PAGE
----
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Cape charters score among highest on Florida Standards test

By Staff | May 25, 2017

The city of Cape Coral’s two municipal elementary schools are among Lee County’s highest scoring public schools on the third grade Florida Standards Assessment English Language Arts test.

Schools with the highest percentage of students scoring a 3 or above include The Sanibel School and Pine Island Elementary School with 97 percent; Oasis Elementary School with 84 percent; Three Oaks Elementary School with 82 percent and Christa McAuliffe Charter Elementary School with 81 percent.

A score of 3 or above is the proficiency ranking required by the state for student promotion to fourth grade. The test focuses on key ideas and details; craft structure; integration of knowledge and ideas and language and editing. The key ideas and details focuses on comprehension, analyzing and summarizing information and concepts, while the craft structure portion of the exam has students interpret literal and non-literal words and phases.

FSA testing is in its third year, replacing the old FCAT.

“We are elated and excited about this,” The Sanibel School Principal Chuck Vilardi said. “It was an increase from last year. Last year we were at 94 percent.”

He said although they tied with another school in the district, their overall score was the highest at 325. Pine Island Elementary School came in at 318 as a mean score.

The county mean score is 302.

“Our kids are well prepared and our teachers have done an outstanding job this year,” Vilardi said, adding that the positive energy that flowed through the school this year was captivating.

According to the Florida Department of Education 7,641 third grade students in Lee County were tested for the Florida Standards Assessments for English Language Arts. Out of those students, 57 percent scored a three or above. In 2016, 7,521 third grade students were tested for an average of 54 percent scoring a three or above, a 3 percentage point gain year over year.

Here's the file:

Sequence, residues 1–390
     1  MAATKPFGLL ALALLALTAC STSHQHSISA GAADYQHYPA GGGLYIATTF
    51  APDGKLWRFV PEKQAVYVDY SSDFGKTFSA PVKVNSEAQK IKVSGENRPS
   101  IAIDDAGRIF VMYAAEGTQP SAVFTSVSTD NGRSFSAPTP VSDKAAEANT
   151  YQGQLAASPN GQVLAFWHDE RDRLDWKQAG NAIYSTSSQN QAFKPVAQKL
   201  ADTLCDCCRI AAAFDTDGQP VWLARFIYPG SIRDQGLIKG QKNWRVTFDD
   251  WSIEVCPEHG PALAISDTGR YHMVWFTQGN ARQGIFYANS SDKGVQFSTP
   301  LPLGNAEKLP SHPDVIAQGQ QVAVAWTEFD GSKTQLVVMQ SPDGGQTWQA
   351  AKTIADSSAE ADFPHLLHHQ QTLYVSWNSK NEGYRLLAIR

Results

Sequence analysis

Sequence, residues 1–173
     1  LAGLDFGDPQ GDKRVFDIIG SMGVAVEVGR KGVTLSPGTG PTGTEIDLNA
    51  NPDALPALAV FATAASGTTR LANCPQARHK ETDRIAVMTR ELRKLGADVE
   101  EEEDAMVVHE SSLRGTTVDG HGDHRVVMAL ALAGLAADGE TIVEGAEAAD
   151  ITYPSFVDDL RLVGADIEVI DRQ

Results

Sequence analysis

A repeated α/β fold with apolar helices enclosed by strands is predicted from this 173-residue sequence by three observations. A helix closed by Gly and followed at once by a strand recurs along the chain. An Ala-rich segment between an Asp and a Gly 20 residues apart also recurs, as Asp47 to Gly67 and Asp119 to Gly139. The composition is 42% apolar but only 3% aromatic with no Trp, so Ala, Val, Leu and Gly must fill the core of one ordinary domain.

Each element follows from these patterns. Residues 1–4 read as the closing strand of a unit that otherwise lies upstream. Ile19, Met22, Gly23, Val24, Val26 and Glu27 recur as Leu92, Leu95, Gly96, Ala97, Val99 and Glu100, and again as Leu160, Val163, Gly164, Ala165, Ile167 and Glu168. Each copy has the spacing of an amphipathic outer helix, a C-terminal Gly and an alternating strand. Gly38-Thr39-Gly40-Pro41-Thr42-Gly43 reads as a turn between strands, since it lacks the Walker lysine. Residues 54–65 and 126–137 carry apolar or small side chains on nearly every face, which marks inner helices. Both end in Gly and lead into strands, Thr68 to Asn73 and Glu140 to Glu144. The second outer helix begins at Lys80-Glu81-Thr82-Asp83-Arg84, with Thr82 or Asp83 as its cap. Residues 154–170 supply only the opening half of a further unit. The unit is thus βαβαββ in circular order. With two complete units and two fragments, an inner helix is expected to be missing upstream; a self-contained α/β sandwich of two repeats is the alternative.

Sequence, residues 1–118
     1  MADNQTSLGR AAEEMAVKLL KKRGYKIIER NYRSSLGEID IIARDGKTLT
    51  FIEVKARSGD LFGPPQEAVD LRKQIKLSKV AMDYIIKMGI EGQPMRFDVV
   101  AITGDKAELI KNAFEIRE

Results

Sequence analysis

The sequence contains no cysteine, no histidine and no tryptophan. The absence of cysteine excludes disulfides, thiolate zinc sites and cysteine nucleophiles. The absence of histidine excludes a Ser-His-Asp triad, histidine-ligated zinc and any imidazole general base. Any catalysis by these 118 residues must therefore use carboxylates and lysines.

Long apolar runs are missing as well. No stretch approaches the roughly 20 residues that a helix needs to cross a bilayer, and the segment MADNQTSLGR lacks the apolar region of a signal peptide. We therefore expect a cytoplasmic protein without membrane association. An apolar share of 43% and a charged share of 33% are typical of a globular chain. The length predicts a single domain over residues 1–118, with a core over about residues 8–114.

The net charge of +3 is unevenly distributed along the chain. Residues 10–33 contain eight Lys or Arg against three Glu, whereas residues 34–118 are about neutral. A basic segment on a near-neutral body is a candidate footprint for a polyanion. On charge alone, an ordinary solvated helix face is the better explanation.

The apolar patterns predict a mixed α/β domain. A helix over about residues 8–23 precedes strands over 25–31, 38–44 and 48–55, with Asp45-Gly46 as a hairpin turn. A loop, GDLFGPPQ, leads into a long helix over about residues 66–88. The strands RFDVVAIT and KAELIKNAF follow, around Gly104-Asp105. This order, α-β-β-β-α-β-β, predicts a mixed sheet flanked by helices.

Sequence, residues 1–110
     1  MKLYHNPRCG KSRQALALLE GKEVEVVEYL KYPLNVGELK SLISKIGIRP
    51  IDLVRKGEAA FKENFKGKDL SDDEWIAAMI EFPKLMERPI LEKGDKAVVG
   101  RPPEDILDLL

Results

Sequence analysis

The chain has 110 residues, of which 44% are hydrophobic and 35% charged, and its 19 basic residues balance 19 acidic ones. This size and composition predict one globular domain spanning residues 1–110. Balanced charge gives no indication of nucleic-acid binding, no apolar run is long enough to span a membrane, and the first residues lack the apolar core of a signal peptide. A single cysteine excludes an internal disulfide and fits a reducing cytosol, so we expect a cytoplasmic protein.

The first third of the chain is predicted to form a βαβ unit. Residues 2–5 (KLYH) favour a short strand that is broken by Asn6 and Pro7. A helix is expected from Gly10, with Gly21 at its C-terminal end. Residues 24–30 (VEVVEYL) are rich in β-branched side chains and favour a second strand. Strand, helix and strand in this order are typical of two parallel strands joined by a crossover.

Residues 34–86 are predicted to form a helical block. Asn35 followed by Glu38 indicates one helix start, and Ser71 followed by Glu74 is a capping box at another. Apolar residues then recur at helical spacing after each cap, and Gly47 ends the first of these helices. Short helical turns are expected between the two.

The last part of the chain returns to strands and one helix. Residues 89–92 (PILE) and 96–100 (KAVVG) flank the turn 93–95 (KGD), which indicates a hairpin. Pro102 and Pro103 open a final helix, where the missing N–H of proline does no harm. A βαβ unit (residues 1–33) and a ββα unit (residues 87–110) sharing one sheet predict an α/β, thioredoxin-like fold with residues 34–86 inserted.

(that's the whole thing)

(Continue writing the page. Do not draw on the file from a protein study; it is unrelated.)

The state percentage was 58 percent of third graders scoring a three or above for 2017, and 54 percent for 2016.

School District of Lee County School Board Chairman Mary Fischer said that’s a percentage they would expect to be the norm. Even with the rigorous testing, she said it is great the district was able to achieve the 57 percent and hopes to continue to move that number upward.

Fischer said she is happy with the increase because four “turnaround” schools had significant gains. Those schools include Colonial Elementary School, an improvement of 12 percentage points; Manatee Elementary School, an improvement of 11 percentage points; James Stephens International Academy, an improvement of 10 percentage points and Franklin Park Elementary School, an improvement of 16 percentage points from the year prior.

In addition, Fischer said 31 elementary schools increased their percentage points of students receiving a three or higher on the test.

“I feel really confident that we are on the right track with the way we are teaching our standards,” Fischer said.

The approach was to dig a little deeper into understanding the concept while reading, which she said seems to be paying off.

A level three performance is considered satisfactory, “may need additional support for the next grade/course,” by the FLDOE. Level four, proficient, is defined as “likely to excel in the next grade/course.” The fifth level, mastery, is defined by FLDOE as “highly likely to excel in the next grade/course.”

Level 2 is below satisfactory, “likely to need substantial support for the next grade/course:” and level 1 is below satisfactory, “Likely to need substantial support for the next grade/course.”

In Lee County, 19 percent of third grade students taking the test scored at Level 1, 24 percent scored at Level 2, 29 percent scored at level 3, 20 percent scored at Level 4 and 8 percent scored at Level 5.

Fischer said the district will continue to focus on the standards and really emphasize the importance of reading through more opportunities. She said the district is focused on Superintendent Dr. Greg Adkins’ Vision 2020.

“Our main goal is to improve student achievement . . . additional coaching and teaching. More professional development for our teachers and more support for our kids,” she said.

Fischer said Adkins moved personnel from the district office back into the schools to work directly with the students, which she believes has paid off.

According to the Lee County School District individual score reports will be available late June, early July pending distribution by the FLDOE at the schools.

Fischer said the district is ranked third out of 10 mega districts in the State of Florida following the last administration of the ELA.

“We are really pleased we are on the right track and will continue to work with the kids in the same way,” she said.